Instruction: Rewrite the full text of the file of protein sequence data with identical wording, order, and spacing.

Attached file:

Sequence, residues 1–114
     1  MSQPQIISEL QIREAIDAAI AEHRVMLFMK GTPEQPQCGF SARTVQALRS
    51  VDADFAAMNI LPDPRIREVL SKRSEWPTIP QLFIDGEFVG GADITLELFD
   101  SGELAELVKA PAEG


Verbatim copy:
Sequence, residues 1–114
     1  MSQPQIISEL QIREAIDAAI AEHRVMLFMK GTPEQPQCGF SARTVQALRS
    51  VDADFAAMNI LPDPRIREVL SKRSEWPTIP QLFIDGEFVG GADITLELFD
   101  SGELAELVKA PAEG